Heavy smoking among asthmatics tied to severe obstructive impairments
Among patients with asthma, heavy smoking appears to be an important risk factor for airflow reduction and fixed airflow obstruction, steroid insensitivity and specific comorbidities, but less allergy along with low fractional exhaled nitric oxide (FeNO) and blood eosinophils, according to a study.
The study included 521 asthmatic patients, among whom 294 were never smokers (0 pack-years [PY]), 104 were light smokers (1–10 PY), and 123 were heavy smokers (>10 PY). Researchers assessed demographic, clinical/functional, and biological parameters.
In the cohort, the heavy smokers were more likely to be older, male, overweight, and nonallergic. Although inhaled corticosteroid (ICS) dose and disease severity were similar among groups, heavy smoking was strongly associated with significant airflow limitation (mean FEV1/FVC, 0.65; p<0.01; mean FEV1%pred, 79.20; p<0.01), air trapping (mean RV%pred, 135.6; p<0.05; mean RV/TLC, 0.48; p<0.05), and fixed airflow obstruction (postbronchodilation FEV1/FVC, 0.66; p=0.01) as compared with never and light smoking.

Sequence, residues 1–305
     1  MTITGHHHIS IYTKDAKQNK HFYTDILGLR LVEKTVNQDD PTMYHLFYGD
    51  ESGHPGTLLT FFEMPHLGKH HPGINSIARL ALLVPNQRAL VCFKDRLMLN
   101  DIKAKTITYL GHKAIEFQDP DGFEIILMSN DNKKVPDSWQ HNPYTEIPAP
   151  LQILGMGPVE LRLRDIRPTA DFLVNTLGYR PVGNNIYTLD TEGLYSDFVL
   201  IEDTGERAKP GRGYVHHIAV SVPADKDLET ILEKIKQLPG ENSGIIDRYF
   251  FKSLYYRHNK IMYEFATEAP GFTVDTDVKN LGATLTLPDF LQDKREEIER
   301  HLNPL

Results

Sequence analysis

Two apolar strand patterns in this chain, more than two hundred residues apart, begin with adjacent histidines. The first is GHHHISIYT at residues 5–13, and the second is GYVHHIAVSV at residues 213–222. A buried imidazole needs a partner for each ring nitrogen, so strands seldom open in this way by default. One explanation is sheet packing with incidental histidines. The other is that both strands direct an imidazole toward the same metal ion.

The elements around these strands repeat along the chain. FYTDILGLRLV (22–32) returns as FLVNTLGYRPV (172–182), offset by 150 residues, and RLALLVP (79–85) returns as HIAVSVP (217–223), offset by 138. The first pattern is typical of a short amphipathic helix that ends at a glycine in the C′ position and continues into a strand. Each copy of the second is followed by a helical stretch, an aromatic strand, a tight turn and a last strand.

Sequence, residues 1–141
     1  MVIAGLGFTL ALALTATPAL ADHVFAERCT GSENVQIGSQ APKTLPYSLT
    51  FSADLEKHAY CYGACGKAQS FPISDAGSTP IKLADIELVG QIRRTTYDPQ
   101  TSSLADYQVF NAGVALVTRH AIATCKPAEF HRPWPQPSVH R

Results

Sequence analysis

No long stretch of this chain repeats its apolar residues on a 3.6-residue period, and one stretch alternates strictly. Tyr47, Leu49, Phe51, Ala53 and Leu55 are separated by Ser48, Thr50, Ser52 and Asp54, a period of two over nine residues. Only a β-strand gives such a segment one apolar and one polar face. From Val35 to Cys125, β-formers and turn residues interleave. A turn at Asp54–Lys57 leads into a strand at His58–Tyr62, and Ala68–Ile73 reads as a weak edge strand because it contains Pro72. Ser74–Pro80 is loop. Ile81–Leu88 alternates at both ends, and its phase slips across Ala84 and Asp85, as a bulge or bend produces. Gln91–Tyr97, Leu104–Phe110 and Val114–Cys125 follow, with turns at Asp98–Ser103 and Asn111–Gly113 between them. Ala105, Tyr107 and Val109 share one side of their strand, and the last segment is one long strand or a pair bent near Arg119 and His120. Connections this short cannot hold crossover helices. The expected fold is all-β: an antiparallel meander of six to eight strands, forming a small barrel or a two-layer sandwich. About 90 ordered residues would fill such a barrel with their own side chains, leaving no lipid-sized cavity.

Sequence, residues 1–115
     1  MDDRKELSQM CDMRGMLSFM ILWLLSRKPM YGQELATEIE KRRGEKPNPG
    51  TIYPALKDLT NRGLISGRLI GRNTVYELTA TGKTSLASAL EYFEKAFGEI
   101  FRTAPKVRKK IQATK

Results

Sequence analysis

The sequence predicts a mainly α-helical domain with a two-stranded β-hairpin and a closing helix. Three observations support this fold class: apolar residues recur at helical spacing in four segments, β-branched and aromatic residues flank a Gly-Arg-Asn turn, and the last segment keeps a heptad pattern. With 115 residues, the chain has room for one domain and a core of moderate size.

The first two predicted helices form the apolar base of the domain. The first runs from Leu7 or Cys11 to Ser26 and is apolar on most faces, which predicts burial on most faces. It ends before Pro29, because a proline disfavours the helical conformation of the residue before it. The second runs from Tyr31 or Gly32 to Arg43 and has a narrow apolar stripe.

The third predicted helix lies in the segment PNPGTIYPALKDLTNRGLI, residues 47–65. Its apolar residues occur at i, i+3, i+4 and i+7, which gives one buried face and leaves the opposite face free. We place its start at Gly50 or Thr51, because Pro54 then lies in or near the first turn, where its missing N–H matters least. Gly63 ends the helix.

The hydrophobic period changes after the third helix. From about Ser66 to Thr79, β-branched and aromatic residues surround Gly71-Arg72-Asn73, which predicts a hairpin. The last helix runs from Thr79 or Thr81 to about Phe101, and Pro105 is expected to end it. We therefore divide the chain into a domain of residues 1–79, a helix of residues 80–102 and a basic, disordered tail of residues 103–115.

Heavy smokers exhibited reduced blood eosinophils (p<0.05) and FeNO (p<0.01), increased frequency of type-2 low inflammation, and long acting beta agonists/long acting muscarinic antagonists use, although they had a lower frequency of persistent rhinitis and chronic rhinosinusitis with nasal polyposis. This group of asthmatics also had a higher prevalence of paraseptal/bullous emphysema and arterial hypertension.
Risk assessment of lung function impairment revealed that heavy smoking was associated with lower odds of having allergy (odds ratio [OR], 0.5), persistent rhinitis (OR, 0.6), chronic rhinosinusitis with nasal polyposis (OR, 0.3), or high FeNO (OR, 0.4), but a higher likelihood of having fixed airflow obstruction (postbronchodilation FEV1%pred<80%: OR, 2.0; and postbronchodilation FEV1/FVC≤0.70, OR, 2.0).
The present data suggest that heavy smokers with asthma may represent a definite clinical phenotype.